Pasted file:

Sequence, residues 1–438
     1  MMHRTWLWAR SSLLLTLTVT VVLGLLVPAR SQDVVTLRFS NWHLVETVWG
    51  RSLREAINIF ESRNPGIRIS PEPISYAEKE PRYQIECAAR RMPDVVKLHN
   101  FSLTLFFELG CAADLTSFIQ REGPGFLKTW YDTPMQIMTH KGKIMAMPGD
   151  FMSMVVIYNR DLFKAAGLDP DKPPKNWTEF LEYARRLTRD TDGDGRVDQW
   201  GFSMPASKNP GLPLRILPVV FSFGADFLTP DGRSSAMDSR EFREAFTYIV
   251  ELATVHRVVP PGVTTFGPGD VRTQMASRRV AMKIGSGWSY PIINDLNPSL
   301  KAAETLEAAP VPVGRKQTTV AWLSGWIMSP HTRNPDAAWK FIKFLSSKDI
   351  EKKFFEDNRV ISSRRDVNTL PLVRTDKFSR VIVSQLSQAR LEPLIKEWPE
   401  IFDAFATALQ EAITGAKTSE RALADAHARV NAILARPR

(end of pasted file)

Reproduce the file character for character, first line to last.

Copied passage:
Sequence, residues 1–438
     1  MMHRTWLWAR SSLLLTLTVT VVLGLLVPAR SQDVVTLRFS NWHLVETVWG
    51  RSLREAINIF ESRNPGIRIS PEPISYAEKE PRYQIECAAR RMPDVVKLHN
   101  FSLTLFFELG CAADLTSFIQ REGPGFLKTW YDTPMQIMTH KGKIMAMPGD
   151  FMSMVVIYNR DLFKAAGLDP DKPPKNWTEF LEYARRLTRD TDGDGRVDQW
   201  GFSMPASKNP GLPLRILPVV FSFGADFLTP DGRSSAMDSR EFREAFTYIV
   251  ELATVHRVVP PGVTTFGPGD VRTQMASRRV AMKIGSGWSY PIINDLNPSL
   301  KAAETLEAAP VPVGRKQTTV AWLSGWIMSP HTRNPDAAWK FIKFLSSKDI
   351  EKKFFEDNRV ISSRRDVNTL PLVRTDKFSR VIVSQLSQAR LEPLIKEWPE
   401  IFDAFATALQ EAITGAKTSE RALADAHARV NAILARPR